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on January 17, 2023 Human Resources HR Law

Employment Law Changes for 2023

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The backstitch HR Law Blog keeps you up to date on important legal changes in Human Resources.

The backstitch HR law blog is a monthly series where we provide the latest updates on upcoming and recently in-effect legislation. On January 1, many States ring in the New Year with a flurry of new laws. Here are short snippets of some key changes. 


The minimum wage in Alaska is increasing from $10.34/hour to $10.85/hour on January 1.


On January 1, Arizona's minimum wage is increasing from $10.34 to $10.85. 


The California Privacy Rights Act adds new data controls to employers. Previously, the California Consumer Privacy Act exempts professional and employment data, something that is now regulated by CPRA. Employers must notify employees, contractors and applicants what categories of personal information it has, and its usage. People are also able to request their information be restricted or deleted. However, exemptions are in place for personal information regarding a worker's role, emergency contacts and benefits. It also established the California Privacy Protection Agency to enforce compliance. 

The California Fast Food Accountability and Standards Recovery (FAST Recovery) Act establishes a Fast Food Council within the Department of Industrial Relations. This Council will contain 1 representative from the Department, 2 representatives each of fast food franchisors, franchisees and employees, 2 advocates of fast food employees and 1 appointee from the Office of Business and Economic Development. The Council is able to set industry wide minimum wage and increases, as well as work standards. It also prevents retaliation against employees for whistleblowing, testifying and refusing to perform work that can reasonably be viewed as unlawful. This goes into effect on January 1. 

As with other states, California is enacting pay transparency. SB 1162 requires that employers of 15 or more must provide pay scales for any job posting, beginning January 1. Any employee may also request the pay scale of their current position. However, employers may not seek the salary history of an applicant.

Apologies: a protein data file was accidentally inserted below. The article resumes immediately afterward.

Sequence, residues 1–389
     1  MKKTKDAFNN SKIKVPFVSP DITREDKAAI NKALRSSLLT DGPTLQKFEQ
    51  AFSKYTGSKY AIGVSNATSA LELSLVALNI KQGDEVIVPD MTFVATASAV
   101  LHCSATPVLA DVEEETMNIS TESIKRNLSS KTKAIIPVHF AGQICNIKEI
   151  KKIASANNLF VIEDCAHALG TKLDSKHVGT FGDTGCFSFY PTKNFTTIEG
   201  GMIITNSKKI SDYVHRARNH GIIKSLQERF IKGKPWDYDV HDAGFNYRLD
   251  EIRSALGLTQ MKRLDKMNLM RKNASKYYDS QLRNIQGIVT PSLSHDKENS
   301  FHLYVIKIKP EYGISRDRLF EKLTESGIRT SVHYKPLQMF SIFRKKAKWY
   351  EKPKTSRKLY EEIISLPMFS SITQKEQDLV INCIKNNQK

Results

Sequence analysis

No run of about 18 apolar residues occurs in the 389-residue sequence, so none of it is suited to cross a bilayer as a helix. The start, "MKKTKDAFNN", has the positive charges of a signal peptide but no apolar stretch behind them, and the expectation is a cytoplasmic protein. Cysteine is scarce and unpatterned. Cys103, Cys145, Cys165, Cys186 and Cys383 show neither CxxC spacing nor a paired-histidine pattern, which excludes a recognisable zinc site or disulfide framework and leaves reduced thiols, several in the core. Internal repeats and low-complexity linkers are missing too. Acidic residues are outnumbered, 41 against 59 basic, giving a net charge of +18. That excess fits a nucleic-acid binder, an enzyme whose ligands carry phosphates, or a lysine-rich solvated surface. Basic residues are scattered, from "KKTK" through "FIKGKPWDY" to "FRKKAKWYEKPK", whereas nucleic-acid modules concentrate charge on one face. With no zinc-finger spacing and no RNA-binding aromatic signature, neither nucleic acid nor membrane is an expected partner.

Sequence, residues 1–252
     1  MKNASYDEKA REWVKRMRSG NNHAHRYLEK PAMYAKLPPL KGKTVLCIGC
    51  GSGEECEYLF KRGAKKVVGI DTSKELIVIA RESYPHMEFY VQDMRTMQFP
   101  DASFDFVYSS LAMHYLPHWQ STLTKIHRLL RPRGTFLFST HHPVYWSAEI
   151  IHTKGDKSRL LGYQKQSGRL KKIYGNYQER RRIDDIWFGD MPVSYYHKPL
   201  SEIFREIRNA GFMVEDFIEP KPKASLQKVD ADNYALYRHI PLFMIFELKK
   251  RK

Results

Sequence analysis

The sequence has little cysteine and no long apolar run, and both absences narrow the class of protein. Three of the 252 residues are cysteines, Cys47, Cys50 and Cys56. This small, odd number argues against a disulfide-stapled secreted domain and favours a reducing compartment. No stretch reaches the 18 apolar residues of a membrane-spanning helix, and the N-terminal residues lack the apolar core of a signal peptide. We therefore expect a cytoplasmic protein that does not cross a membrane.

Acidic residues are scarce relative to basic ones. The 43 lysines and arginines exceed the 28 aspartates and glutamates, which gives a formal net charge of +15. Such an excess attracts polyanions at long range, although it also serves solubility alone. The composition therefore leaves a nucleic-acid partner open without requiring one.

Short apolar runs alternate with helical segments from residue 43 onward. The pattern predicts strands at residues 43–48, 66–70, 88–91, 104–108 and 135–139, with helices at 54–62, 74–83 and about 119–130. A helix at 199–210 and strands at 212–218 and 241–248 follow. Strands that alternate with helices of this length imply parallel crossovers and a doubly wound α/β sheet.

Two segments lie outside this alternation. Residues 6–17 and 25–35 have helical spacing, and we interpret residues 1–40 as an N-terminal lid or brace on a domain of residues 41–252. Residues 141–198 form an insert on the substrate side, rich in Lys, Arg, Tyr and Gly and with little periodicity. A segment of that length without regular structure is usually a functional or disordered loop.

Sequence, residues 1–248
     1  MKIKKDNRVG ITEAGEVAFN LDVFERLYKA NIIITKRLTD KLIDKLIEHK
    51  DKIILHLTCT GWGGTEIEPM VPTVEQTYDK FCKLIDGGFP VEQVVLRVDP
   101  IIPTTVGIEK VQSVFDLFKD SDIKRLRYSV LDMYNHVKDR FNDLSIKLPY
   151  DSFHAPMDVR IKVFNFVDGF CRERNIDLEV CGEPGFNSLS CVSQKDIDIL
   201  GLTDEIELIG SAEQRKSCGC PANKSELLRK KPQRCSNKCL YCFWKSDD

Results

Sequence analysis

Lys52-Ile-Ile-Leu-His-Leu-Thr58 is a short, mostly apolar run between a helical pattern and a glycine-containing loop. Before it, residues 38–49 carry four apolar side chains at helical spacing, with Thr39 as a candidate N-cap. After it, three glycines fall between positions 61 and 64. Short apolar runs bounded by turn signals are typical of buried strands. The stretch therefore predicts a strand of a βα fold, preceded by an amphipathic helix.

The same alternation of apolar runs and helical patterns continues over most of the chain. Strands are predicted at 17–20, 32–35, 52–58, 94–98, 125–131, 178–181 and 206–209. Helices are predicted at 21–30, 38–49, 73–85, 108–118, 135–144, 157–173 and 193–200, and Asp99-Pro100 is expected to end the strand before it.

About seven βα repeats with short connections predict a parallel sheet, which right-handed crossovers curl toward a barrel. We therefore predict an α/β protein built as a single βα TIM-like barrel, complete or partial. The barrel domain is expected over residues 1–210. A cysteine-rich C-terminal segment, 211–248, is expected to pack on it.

AB 1041 expands the California Family Rights Act to allow for leave for care of "designated persons." This is any individual related by blood or whose association with the employee is the equivalent of a family relationship. The employee is able to define their designated person at the time of request, but an employer can restrict an employee to a single designated person for each 12 month period. This goes into effect on January 1.

Similarly AB 1949 also amends the California Family Rights Act to make it unlawful for an employer to refuse 5 days of bereavement leave for family members. Unlike the prior bill, this only applies to family members consisting of a "spouse or a child, parent, sibling, grandparent, grandchild, domestic partner, or parent-in-law" as opposed to the more general "designated person." The 5 days do not have to be consecutive, but must be used with 3 months of the death. This also goes into effect on January 1. 

Beginning January 1, SB 1044 will make it unlawful for employers to punish employees who refuse to report to or to leave a workplace under an emergency condition. This includes both disasters caused by nature or criminal acts as well as emergency evacuation orders. Employers also are unable to prevent employees from accessing mobile devices for emergency assistance, safety information or communications. 

On January 1, AB 2693 will loosen COVID notification guidelines. Employers are no longer required to report COVID outbreaks to Cal/OSHA. It also gives them the option of notifying workers with a public posting as opposed to individual written notice. 

AB 2068 states that Cal/OSHA notices that are posted in the workplace must be in both English, as well as the 7 most used other languages in California as defined by the the US Census Bureau. Regardless of Census data, Punjabi must also be one of the languages. This goes into effect on January 1.

California previously had a tiered minimum wage. Small employers of 25 or fewer were $14/hour, while large employers of 26 or more had $15/hour. On January 1, the state minimum wage is consolidated to $15.50/hour regardless of company size.


Beginning January 1, Colorado employers must begin payroll deductions for the Colorado Family and Medical Leave Insurance (FAMLI). Employers and employees contribute an equal 50/50 on a .9% payroll tax to contribute to FAMLI. 

Minimum wage is also increasing in Colorado from $12.56/hour to $13.65/hour.


In line with other States, Connecticut is enacting a Clean Slate Law that prevents employers from inquiring about criminal history during an initial job application with some exceptions. Those with exceptions must provide notice on the applications. This goes into effect on January 1. 


On January 1, the minimum wage in Delaware will increase from $10.50/hour to $11.75/hour.


On January 1, Illinois is joining other states with their CROWN Act, which Create[s] a Respectful and Open Workplace for Natural Hair. It modifies the Illinois Human Rights Act to ban hairstyle discrimination for employment, housing, financial transactions and public accommodations.